Can bio-based chemicals meet demand? Global and regional case-study around citrus waste-derived limonene as a solvent for cleaning applications

Giulia Paggiola, Sytze Van Stempvoort, Julen Bustamante, José Manuel Vega Barbero, Andrew J. Hunt, James H. Clark*

*Corresponding author for this work

Research output: Contribution to journalArticlepeer-review


One common factor across many economies around the world is their high dependency on petroleum. The chemical sector is no exception and considering the paramount role that solvents play within this industry they make an ideal focus for investigating green transition potential. This work attempts to shed some light on the scarce literature regarding the quantitative assessment of substitution capacity in target markets, by examining a case study of toluene use as an industrial cleaning agent and its replacement by limonene, a widely established citrus-peel-derived alternative in a number of applications. The systematic approach presented here compares market demand against potential supply by evaluating current and projected scenarios based on citrus fruit and juice production both at global and regional level. The results clearly show that the potential for complete substitution of toluene by limonene at global level is certainly out of reach, but encouraging results were obtained in specific regional substitution case studies, considering both citrus-producing and citrus-importing countries. In these cases, there is a clear potential for limonene to substitute toluene as a solvent within and beyond the cleaning sector, leaving space for future work in this area to investigate the transition potential for other important bio-based chemicals.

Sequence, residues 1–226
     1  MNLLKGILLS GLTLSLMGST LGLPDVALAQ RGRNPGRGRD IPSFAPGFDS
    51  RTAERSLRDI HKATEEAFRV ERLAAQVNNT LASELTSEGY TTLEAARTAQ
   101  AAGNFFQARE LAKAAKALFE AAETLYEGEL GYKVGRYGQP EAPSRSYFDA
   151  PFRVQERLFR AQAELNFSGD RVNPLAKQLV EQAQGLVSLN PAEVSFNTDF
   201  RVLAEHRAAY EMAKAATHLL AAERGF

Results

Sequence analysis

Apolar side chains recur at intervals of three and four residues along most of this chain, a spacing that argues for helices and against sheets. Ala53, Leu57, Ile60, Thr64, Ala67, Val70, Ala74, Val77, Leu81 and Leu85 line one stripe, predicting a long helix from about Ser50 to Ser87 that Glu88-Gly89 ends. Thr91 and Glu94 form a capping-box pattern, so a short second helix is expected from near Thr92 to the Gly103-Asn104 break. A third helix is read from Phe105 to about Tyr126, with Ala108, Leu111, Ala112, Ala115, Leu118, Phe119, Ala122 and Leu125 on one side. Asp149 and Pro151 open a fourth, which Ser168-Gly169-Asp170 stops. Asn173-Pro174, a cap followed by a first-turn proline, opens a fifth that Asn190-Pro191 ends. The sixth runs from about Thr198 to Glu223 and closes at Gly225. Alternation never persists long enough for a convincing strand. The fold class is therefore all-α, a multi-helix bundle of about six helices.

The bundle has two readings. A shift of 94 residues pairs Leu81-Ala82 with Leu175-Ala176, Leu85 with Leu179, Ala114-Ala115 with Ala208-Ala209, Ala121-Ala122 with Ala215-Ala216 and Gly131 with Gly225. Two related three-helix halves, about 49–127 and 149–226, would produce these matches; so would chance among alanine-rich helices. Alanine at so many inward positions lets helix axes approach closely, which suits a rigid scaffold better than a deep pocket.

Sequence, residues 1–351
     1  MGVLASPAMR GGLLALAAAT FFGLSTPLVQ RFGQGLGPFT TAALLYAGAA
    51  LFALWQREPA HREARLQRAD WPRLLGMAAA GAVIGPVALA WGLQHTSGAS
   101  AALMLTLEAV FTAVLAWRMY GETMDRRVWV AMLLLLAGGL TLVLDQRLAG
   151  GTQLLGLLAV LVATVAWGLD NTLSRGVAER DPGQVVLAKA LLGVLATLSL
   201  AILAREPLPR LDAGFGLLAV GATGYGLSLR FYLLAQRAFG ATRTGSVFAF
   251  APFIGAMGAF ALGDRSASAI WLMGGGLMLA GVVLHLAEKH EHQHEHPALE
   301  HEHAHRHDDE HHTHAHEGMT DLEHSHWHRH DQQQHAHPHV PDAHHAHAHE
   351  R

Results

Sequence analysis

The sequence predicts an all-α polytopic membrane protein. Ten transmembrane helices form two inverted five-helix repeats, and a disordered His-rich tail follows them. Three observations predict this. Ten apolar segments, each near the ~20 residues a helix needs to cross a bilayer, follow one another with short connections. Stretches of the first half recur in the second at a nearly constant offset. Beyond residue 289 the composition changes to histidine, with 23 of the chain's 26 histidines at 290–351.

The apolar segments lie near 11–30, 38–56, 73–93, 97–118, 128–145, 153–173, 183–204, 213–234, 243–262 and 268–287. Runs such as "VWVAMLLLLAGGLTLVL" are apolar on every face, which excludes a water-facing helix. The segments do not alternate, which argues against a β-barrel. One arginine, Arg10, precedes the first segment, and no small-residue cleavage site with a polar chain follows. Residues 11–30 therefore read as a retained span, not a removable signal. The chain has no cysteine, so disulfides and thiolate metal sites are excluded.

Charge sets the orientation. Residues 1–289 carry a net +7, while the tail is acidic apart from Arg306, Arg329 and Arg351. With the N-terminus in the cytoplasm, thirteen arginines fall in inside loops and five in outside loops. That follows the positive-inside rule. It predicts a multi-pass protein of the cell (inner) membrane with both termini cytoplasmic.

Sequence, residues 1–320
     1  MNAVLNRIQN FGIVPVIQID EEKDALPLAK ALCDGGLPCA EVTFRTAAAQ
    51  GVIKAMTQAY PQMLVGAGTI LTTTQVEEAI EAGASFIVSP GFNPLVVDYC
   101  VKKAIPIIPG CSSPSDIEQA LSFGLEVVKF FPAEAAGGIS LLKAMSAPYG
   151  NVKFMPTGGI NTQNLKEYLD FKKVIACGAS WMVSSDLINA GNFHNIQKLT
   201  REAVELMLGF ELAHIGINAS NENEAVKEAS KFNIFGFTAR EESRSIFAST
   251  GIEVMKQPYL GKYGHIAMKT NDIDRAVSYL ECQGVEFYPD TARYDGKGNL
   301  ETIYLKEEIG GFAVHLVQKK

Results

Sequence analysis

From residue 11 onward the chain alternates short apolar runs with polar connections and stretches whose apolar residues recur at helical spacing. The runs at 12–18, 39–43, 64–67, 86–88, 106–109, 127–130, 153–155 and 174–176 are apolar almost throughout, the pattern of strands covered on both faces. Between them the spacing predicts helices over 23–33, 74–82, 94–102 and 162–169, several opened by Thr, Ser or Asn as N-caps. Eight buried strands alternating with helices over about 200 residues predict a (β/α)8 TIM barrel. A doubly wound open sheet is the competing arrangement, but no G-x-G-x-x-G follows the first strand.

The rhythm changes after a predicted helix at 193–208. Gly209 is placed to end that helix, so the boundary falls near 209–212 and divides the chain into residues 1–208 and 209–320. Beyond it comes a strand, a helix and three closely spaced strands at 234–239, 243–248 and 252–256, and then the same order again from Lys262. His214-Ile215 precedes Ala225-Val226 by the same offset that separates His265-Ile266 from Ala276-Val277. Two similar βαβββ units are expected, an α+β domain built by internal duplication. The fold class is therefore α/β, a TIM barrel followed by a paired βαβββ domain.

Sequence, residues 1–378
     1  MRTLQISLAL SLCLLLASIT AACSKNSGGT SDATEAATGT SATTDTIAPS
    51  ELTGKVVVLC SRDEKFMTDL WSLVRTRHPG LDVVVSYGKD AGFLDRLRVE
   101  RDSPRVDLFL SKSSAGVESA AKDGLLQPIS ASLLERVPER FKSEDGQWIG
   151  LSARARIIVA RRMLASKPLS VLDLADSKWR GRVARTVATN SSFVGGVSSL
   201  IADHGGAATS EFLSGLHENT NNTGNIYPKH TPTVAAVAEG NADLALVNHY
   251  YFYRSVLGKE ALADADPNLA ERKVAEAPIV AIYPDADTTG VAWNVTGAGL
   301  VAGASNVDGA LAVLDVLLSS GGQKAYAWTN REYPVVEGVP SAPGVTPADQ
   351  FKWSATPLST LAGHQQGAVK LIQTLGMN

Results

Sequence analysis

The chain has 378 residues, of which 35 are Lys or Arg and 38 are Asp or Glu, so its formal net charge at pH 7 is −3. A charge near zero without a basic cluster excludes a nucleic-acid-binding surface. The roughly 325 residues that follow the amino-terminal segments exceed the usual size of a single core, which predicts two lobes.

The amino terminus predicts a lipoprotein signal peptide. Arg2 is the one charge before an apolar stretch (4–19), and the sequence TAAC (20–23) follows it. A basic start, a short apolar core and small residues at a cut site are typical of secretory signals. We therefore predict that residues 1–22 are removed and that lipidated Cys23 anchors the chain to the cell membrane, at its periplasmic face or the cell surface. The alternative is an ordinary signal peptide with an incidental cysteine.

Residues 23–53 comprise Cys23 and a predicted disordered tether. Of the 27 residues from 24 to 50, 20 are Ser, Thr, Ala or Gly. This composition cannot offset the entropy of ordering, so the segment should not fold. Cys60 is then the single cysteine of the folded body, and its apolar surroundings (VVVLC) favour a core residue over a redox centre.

Original languageEnglish
Pages (from-to)686-698
Number of pages13
Journal Biofuels, Bioproducts and Biorefining
Issue number6
Publication statusPublished - 1 Nov 2016


  • Bioeconomy
  • Green chemistry
  • Petrochemicals
  • Solvent substitution
  • Supply-chain
  • bioeconomy
  • petrochemicals
  • supply-chain
  • solvent substitution
  • green chemistry

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